Submitted to: Book Chapter
Publication Type: Book / Chapter
Publication Acceptance Date: December 22, 2004
Publication Date: January 1, 2005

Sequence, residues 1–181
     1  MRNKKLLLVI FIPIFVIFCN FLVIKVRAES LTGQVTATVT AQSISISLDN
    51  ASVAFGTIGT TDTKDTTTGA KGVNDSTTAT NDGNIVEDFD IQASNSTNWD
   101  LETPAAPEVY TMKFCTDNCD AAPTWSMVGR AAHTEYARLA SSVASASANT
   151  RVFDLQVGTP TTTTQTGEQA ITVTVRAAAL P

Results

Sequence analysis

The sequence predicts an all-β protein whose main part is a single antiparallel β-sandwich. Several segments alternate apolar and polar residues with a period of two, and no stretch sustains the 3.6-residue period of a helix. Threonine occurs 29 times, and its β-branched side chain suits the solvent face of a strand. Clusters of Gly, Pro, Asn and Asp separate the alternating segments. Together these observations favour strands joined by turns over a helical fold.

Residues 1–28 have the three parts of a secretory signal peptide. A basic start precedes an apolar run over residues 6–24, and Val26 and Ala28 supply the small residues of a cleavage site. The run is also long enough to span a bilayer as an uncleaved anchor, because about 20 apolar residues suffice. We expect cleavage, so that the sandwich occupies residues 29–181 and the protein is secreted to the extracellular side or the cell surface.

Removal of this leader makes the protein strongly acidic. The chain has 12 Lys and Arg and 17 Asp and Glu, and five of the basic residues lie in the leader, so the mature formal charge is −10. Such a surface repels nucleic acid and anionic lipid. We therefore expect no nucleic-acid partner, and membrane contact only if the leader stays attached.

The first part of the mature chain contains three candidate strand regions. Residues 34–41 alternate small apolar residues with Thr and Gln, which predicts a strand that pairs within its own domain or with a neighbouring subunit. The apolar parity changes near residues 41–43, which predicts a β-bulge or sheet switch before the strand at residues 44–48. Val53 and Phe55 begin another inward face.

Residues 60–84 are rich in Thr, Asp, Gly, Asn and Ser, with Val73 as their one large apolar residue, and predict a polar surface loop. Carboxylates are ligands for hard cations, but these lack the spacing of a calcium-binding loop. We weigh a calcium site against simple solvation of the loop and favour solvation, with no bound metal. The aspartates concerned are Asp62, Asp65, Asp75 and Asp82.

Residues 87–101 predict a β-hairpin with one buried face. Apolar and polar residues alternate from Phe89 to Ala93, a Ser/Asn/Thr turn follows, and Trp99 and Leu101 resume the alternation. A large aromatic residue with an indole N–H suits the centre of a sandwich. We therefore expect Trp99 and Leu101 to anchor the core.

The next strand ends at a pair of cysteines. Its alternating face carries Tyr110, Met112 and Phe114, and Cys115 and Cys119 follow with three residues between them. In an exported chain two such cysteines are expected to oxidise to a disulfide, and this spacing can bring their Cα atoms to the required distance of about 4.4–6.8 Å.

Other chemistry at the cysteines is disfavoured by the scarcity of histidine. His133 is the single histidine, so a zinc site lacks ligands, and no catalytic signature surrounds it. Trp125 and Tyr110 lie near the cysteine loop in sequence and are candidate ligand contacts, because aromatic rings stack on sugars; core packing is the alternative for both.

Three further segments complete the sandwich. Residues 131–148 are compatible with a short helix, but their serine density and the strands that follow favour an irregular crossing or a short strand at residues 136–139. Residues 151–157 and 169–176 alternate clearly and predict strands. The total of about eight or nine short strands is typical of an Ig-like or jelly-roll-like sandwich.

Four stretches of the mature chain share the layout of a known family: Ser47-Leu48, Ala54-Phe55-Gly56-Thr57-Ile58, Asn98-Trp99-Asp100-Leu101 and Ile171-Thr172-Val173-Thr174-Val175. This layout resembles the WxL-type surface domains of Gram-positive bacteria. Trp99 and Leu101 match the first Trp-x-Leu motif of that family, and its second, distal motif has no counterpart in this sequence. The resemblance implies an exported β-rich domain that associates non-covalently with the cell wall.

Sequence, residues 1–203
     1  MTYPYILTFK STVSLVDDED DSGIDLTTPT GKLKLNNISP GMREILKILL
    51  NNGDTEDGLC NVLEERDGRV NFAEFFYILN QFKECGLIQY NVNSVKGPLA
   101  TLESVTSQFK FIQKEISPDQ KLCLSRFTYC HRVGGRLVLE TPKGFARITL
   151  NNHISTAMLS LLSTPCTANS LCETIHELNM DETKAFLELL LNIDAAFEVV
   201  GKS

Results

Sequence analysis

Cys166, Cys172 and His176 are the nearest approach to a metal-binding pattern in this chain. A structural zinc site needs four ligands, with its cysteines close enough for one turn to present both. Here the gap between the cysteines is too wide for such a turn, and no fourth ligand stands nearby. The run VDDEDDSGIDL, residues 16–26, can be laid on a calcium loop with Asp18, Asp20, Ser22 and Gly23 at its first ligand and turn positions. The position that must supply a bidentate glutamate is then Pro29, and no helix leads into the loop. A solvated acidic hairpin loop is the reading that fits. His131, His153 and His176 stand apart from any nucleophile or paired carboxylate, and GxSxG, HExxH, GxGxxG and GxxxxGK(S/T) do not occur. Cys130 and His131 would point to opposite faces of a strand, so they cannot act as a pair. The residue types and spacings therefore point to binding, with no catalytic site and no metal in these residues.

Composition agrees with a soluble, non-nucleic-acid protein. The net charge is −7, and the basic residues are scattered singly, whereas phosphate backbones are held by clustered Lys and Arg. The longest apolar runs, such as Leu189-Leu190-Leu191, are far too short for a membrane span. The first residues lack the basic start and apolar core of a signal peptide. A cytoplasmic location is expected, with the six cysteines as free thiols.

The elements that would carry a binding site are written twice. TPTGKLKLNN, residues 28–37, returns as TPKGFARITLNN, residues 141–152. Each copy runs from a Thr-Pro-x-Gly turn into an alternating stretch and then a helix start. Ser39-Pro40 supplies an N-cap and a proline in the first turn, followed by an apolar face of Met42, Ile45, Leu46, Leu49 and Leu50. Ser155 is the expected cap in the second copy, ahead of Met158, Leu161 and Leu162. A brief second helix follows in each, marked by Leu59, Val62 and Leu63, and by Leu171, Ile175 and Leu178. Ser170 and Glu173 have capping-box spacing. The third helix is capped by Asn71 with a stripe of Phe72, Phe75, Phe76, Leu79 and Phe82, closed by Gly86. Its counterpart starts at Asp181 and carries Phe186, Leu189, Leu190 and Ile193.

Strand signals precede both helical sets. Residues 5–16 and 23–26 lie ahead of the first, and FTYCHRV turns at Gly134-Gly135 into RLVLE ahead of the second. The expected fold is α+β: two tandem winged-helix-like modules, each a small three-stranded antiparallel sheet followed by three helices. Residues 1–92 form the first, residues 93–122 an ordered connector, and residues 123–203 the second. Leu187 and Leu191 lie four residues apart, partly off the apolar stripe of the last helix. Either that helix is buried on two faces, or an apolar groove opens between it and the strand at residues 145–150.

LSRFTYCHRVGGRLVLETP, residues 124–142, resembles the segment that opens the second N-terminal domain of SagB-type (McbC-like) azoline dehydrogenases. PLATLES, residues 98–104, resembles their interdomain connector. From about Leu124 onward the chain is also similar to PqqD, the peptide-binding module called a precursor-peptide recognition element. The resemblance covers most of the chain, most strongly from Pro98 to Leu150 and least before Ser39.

Citation: Echternkamp, S.E. 2005. Fertilization. In: Pond, W., Bell, A., editors. Encyclopedia of Animal Science. New York, NY:Marcel Dekker. p. 411-413. Technical Abstract: Fertilization is a complex process by which mammalian male (spermatozoon) and female (oocyte or ovum) haploid gametes unite to produce a totipotent diploid zygote that develops into a genetically distinct individual. Descriptions of the molecular and physiological mechanisms for most fertilization events are incomplete and limited primarily to laboratory animals, and for some processes (e.g., intercellular fusion of gametes) are primarily hypothetical. The fertilization process is composed of a series of sequential steps: 1) sperm capacitation; 2) binding of capacitated sperm to the zona pellucida (ZP); 3) acrosome reaction; 4) sperm penetration of ZP; 5) fusion of spermatozoon and ovum (egg); 6) egg activation; and 7) establishment of the embryonic genome. Freshly ejaculated mammalian sperm are incapable of fertilizing ova but acquire functional competence through capacitation in the female reproductive tract. Capacitation is a poorly defined maturational process that includes a series of intracellular and membranal changes in the plasma membrane surface and enables sperm to penetrate the cumulus oophorus, bind to the ZP and undergo the acrosome reaction. Ovulated oocytes/ova are surrounded by the ZP, a viscoelastic, spherical, extracellular matrix composed of three glycoproteins (ZP1, ZP2, and ZP3), which provide both structural form and species-specific receptor-ligand binding between the egg extracellular matrix and sperm. Binding of sperm to the ZP initiates the acrosome reaction and exocytosis of its content, which enables the spermatozoon to penetrate the ZP. Upon entering the perivitelline space, the spermatozoon inner plasma membrane and equatorial zone attach to the ovum plasma membrane, the membranes of the two gametes fuse by a phagocytic process, and the maternally and paternally derived chromosomes intermix to form a diploid cell and initiate embryogenesis.